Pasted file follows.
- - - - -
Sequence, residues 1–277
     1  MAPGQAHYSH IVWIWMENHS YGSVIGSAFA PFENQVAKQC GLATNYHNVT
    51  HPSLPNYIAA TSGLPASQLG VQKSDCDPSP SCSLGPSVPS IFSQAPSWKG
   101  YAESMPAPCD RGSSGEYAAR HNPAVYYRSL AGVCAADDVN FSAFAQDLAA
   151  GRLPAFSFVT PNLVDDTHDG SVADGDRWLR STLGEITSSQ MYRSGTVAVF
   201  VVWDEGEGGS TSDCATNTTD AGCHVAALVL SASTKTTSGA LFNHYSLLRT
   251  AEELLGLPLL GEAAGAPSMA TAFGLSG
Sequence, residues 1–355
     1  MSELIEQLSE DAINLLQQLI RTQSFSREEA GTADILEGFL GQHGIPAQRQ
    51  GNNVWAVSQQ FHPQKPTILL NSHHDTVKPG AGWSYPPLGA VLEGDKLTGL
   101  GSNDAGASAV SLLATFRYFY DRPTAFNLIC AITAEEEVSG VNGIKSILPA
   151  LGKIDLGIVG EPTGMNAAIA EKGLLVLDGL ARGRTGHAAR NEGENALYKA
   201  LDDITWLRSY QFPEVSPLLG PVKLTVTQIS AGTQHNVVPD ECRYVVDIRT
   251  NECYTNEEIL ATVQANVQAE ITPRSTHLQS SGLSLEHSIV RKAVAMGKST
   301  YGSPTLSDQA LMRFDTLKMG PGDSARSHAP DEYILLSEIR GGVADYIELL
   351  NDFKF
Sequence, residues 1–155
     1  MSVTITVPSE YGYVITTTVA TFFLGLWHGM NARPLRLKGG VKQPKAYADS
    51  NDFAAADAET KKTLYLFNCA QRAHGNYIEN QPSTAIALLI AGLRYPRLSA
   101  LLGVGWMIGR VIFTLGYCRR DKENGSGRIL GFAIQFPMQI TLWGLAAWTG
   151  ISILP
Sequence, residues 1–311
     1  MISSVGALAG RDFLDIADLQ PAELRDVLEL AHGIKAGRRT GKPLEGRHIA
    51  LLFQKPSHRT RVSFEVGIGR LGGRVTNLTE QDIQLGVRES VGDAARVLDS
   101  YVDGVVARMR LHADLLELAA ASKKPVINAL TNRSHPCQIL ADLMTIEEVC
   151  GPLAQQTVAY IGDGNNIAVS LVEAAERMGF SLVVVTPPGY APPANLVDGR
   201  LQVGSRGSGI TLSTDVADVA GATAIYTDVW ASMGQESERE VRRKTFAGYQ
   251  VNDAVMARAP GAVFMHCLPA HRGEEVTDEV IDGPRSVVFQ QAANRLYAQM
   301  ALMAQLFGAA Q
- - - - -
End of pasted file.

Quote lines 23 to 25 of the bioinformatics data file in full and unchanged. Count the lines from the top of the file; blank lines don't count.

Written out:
     1  MISSVGALAG RDFLDIADLQ PAELRDVLEL AHGIKAGRRT GKPLEGRHIA
    51  LLFQKPSHRT RVSFEVGIGR LGGRVTNLTE QDIQLGVRES VGDAARVLDS
   101  YVDGVVARMR LHADLLELAA ASKKPVINAL TNRSHPCQIL ADLMTIEEVC